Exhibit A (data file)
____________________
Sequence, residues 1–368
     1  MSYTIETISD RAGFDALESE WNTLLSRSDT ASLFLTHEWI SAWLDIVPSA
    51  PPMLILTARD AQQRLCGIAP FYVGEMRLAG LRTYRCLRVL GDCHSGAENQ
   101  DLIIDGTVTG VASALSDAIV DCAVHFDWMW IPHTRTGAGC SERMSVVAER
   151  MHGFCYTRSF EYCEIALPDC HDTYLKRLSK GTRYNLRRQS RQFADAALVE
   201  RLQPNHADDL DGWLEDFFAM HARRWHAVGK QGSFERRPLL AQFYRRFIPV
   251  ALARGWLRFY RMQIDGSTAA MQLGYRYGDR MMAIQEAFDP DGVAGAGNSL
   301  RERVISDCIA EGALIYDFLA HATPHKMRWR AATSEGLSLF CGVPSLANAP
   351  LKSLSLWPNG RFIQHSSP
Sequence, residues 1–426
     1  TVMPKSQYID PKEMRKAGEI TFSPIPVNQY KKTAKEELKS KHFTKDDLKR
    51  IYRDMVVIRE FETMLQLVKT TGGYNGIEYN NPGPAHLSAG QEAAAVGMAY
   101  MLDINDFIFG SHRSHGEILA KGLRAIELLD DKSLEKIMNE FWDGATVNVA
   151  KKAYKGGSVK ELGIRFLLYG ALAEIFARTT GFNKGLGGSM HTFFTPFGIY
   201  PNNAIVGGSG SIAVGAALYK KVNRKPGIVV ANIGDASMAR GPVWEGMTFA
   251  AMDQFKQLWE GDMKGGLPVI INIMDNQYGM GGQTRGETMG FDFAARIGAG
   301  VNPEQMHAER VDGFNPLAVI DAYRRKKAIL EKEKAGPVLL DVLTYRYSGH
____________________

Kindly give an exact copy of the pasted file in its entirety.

Sequence, residues 1–368
     1  MSYTIETISD RAGFDALESE WNTLLSRSDT ASLFLTHEWI SAWLDIVPSA
    51  PPMLILTARD AQQRLCGIAP FYVGEMRLAG LRTYRCLRVL GDCHSGAENQ
   101  DLIIDGTVTG VASALSDAIV DCAVHFDWMW IPHTRTGAGC SERMSVVAER
   151  MHGFCYTRSF EYCEIALPDC HDTYLKRLSK GTRYNLRRQS RQFADAALVE
   201  RLQPNHADDL DGWLEDFFAM HARRWHAVGK QGSFERRPLL AQFYRRFIPV
   251  ALARGWLRFY RMQIDGSTAA MQLGYRYGDR MMAIQEAFDP DGVAGAGNSL
   301  RERVISDCIA EGALIYDFLA HATPHKMRWR AATSEGLSLF CGVPSLANAP
   351  LKSLSLWPNG RFIQHSSP
Sequence, residues 1–426
     1  TVMPKSQYID PKEMRKAGEI TFSPIPVNQY KKTAKEELKS KHFTKDDLKR
    51  IYRDMVVIRE FETMLQLVKT TGGYNGIEYN NPGPAHLSAG QEAAAVGMAY
   101  MLDINDFIFG SHRSHGEILA KGLRAIELLD DKSLEKIMNE FWDGATVNVA
   151  KKAYKGGSVK ELGIRFLLYG ALAEIFARTT GFNKGLGGSM HTFFTPFGIY
   201  PNNAIVGGSG SIAVGAALYK KVNRKPGIVV ANIGDASMAR GPVWEGMTFA
   251  AMDQFKQLWE GDMKGGLPVI INIMDNQYGM GGQTRGETMG FDFAARIGAG
   301  VNPEQMHAER VDGFNPLAVI DAYRRKKAIL EKEKAGPVLL DVLTYRYSGH